After the Sale: Introducing the Team and Building Trust

You closed the sale! Take a victory lap! You deserve it.

There is still work to do, however. You want the positive experience to continue for your buyers. What are you doing to ensure a smooth handoff for what happens next in the buyer’s journey? This is where Community Teams come into play.

Introducing your Community Team is important because the level of trust in the Community Team members translates into perceptions about quality, value, and the overall experience. Confidence in the team is critical to what should be the common goal of every team member reducing the buyers’ anxiety.

Anxious homebuyers are likelier to be uncomfortable, challenging, demanding, and sometimes angry. Comfortable, trusting buyers, on the other hand, are easier to work with and far more accepting of delays, problems, and the inevitable bumps in the building road. Customers feel better, and they are more confident with their home builder when they meet the Community Team members, begin forming relationships and believe company representatives are kind, empathetic, conscientious, and committed to providing a high-quality home, a better-than-expected level of service, and a delightful purchase experience.

Much of the consternation that arises later in the process stems from not developing a trust relationship early in the process. The handoff from sales to the design studio or construction or customer care is critical in developing trusting relationships that drive homebuyer satisfaction and willingness to refer the homebuilder to a friend.

The Power of Emotional Endorsement

Homebuyers desperately want to trust the people who can help them make their housing dreams come true. When salespeople do their job correctly, trust is a significant result. But how does that trust transfer from sales to other department representatives?

Well, the answer lies in what we call an emotional endorsement. More than simply introducing a Community Team member by name, it’s about offering a passionate commendation that this person is a trustworthy expert. The result is a transference of trust.

Think of it this way your best friend says, “You’ve got to see this movie. It’s the best movie I’ve seen in years, maybe my entire life.” That’s not just a recommendation; it’s an emotional endorsement. If you trust your best friend, you’ll see the movie.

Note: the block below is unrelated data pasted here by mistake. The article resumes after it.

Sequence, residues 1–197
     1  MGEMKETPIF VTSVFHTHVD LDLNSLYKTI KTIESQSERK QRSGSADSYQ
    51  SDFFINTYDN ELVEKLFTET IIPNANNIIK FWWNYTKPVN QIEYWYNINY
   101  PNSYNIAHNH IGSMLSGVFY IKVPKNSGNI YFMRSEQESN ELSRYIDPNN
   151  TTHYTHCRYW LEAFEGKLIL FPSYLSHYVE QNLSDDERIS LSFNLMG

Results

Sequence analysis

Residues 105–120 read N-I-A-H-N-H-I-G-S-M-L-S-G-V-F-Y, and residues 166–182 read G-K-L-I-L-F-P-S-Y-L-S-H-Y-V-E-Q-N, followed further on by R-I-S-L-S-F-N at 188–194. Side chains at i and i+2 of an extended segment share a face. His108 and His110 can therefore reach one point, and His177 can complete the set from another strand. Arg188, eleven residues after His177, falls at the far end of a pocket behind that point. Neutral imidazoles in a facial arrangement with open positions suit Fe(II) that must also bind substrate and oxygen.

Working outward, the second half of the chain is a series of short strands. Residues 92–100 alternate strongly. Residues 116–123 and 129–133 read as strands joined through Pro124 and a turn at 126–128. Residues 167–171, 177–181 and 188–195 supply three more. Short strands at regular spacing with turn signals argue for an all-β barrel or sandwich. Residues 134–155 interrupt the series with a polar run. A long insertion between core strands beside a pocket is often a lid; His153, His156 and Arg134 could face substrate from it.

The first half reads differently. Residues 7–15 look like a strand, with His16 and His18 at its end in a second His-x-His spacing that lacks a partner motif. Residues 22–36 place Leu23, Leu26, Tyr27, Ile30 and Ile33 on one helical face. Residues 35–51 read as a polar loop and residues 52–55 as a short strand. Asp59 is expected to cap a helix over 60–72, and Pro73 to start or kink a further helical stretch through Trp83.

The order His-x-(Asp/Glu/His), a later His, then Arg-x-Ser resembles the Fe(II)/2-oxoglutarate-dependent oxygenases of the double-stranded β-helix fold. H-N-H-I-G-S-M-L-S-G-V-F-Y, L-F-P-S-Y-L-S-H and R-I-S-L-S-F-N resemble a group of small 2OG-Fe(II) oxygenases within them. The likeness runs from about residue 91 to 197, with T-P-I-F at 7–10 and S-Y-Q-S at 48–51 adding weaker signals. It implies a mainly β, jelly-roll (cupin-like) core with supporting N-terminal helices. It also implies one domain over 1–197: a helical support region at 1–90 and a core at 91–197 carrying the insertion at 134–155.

It works the same way with homebuyers. If the homebuyer trusts the salesperson and the salesperson offers an emotional endorsement of the construction superintendent, the trust transfers, and the homebuyer adopts an initial feeling of trust.

The handoff process requires a solid and thriving culture within the organization and the Community Team. It’s challenging to provide outstanding care to the customer if the internal culture is disrespectful and unsupportive. Excellent service to your external customers and home buyers should flow from the care given to your internal customers and community team members.

Internal Customer Care = External Customer Care

Let me give you a tip that I learned from Bob Mirman at Eliant, coauthor with me of the new book From Contract to Close. Bob recommends that the salesperson provide the buyer with a unique lifestyle bio of the design center consultant, the loan officer, the processing team, the construction superintendent, and the customer care representative assigned to their home.

This unique bio is not a resume of the representative’s education or work history. It should identify these people’s favorite activities and interests (loves movies, coaches little league, owns two dogs). This critical step helps to humanize the team member in the eyes of the customer, and it provides a social gateway for quickly developing successful relationships.

The construction superintendent should be introduced to the homebuyer as soon as possible during or following the contract signing. Before this meeting, the home buyer should receive the lifestyle bio of the construction superintendent. Community Team members must be well-trained in introducing themselves to the buyer. Work with your team members on the basics of greeting a customer (warm smile, positive energy, making a service promise, etc.). A loan officer might lay out the mortgage journey. A construction superintendent might offer a confident statement to the buyer; I look forward to building your new home just for you.

The process and introductions should be planned, clear, and consistent. Create those lifestyle bios for all Community Team members and share them with the customer early in the process and encourage the team to have some fun with this.

Until next time, learn more to earn more!

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About the Author: Jeff Shore

Jeff Shore is the Founder and President of Shore Consulting, Inc. a company specializing in field-tested and proven consumer psychology-based sales training programs.

Jeff is a top-selling author, host of the popular sales podcast, The Buyer’s Mind, and an award-winning keynote speaker. He holds the prestigious Certified Speaking Professional designation from the National Speakers Association and is a member of the NSA’s exclusive Million Dollar Speaker’s Group.

With over 30 years of real-world, frontline experience, Jeff’s advanced sales strategies spring from extensive research into the psychology of buying and selling. He teaches salespeople how to climb inside the mind of their customers to sell the way their buyers want to buy. Using these modern, game-changing techniques, Jeff Shore’s clients generated over $30 billion in sales last year.